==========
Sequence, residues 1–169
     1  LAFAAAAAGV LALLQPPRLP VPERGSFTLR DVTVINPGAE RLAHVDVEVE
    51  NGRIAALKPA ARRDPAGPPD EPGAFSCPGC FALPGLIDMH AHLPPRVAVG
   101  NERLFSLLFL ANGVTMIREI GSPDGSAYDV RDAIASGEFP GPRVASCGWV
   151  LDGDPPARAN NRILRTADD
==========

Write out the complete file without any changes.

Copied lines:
Sequence, residues 1–169
     1  LAFAAAAAGV LALLQPPRLP VPERGSFTLR DVTVINPGAE RLAHVDVEVE
    51  NGRIAALKPA ARRDPAGPPD EPGAFSCPGC FALPGLIDMH AHLPPRVAVG
   101  NERLFSLLFL ANGVTMIREI GSPDGSAYDV RDAIASGEFP GPRVASCGWV
   151  LDGDPPARAN NRILRTADD